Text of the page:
Catherine Forde

Catherine Forde




Teaching interests

I lead and teach on modules on qualifying (professional) and non-qualifying undergraduate and postgraduate degree programmes in the School of Applied Social Studies, University College Cork. I currently lead three full modules on the qualifying B.Soc.Sc. (Youth and Community Work) (BYCW) and one on the qualifying Master of Social Work (MSW). I also lecture on the Doctor of Social Science (D.Soc.Sc.) and the M.Soc.Sc. (Social Policy) postgraduate degrees and contribute to a fourth module on the BYCW. I am extensively involved in professional practice education on the qualifying B.Soc.Sc. (Youth and Community Work) and Master of Social Work (MSW). My roles in professional formation are as below: - Teaching professional formation on a number of modules. These are SS1104 The Principles and Practice of Youth and Community Work; SS1110 Informal and Non-Formal Education; SS3113 Research Methods II; and SS6200 Social Work Theory II: Theory and Practice. - Organising annual induction and end-of-year review days for BYCW Second Year students. These events are important in reviewing student learning and orientating students for the year ahead. - Chairing the Second Year Practice Assessment Board (PAB) of the B.Soc.Sc. (Youth and Community Work). The role of the PAB is to assess, advise on and pass/fail students’ practice placements at the end of each academic year, in summer and autumn. The Board consists of members of the programme team and representatives from the youth and community work fields. - Membership of the Programme Development Team of the B.Soc.Sc. (Youth and Community Work). This team oversees the management and delivery of the degree programme, integration of the theoretical and practice aspects of the programme, and preparation for the recurring professional re-accreditation of the degree. Due to the professional dimension of my teaching role which is focused mainly on mature students, I am compelled to teach in a student-centred way and to encourage critical thinking and reflection through research-informed teaching and by encouraging students to question, research and engage with different perspectives in a way that enables them to develop and progress as thinkers and practitioners, and to engage effectively with each other to share knowledge and experience.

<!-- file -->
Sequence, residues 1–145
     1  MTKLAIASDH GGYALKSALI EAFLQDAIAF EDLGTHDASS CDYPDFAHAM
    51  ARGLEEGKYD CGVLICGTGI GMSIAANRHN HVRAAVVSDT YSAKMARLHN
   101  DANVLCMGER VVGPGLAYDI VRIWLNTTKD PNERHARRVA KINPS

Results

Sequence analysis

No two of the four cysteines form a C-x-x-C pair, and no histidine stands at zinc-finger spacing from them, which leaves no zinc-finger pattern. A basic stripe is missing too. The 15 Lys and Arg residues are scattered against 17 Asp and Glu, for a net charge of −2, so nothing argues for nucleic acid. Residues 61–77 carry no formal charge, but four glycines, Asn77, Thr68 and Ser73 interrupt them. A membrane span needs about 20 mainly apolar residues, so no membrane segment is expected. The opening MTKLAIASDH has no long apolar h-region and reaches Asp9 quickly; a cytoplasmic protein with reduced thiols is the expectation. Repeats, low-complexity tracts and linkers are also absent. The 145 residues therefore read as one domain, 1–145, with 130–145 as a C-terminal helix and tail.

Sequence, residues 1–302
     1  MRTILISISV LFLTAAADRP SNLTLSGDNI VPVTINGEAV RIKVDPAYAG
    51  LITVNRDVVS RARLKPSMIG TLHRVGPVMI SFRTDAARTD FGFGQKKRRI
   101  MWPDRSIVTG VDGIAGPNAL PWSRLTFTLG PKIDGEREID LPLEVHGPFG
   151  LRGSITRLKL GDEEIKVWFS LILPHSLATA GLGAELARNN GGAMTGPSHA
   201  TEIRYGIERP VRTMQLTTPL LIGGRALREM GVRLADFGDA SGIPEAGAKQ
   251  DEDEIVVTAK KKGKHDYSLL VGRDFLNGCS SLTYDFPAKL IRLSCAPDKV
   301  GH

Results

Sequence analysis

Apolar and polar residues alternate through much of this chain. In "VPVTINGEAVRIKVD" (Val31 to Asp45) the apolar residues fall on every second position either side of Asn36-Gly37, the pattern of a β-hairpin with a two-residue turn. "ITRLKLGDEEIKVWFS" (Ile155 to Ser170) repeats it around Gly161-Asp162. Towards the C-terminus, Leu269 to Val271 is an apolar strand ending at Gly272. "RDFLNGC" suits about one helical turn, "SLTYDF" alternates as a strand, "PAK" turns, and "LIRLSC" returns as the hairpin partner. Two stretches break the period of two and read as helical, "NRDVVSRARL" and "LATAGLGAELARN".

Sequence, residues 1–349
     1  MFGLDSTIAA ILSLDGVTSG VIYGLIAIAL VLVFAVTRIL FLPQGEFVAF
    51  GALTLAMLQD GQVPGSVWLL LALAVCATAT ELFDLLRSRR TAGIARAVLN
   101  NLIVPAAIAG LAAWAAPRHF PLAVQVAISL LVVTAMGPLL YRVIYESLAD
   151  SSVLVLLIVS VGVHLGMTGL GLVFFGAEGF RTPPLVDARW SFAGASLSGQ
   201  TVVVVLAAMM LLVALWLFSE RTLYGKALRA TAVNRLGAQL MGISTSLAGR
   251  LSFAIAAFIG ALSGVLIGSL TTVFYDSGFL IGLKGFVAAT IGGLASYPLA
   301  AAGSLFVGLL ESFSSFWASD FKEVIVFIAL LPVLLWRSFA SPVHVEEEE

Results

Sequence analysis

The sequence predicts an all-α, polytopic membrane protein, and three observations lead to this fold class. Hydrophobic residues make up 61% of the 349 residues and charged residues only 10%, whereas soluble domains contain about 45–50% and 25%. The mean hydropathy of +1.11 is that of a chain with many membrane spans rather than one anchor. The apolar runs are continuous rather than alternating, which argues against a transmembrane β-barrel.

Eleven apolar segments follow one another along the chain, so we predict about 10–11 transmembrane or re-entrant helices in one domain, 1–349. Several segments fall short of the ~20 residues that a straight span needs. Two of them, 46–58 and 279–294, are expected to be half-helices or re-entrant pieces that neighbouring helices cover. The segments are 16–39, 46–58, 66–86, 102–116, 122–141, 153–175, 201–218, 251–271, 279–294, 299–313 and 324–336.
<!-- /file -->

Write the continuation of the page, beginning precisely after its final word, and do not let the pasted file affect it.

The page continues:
Describe your teaching philosophy

My teaching philosophy is based on pedagogical and andragogical approaches that emphasise student-centredness, reflection and critical reflection, drawing on prior experience and learning from each other. Technology helps me to engage students through different forms of learning, as students learn in different ways. It also helps me to engage them with and in critical thinking and practice by presenting them with different forms of practice and the challenges of the practice environment through watching/listening to videos and recordings of community work practice.

What technology do you use?

I use email, PowerPoint, YouTube and Blackboard in my teaching practice. From September 2019 I will use CANVAS in my teaching as UCC is switching to CANVAS.

How do you use this technology?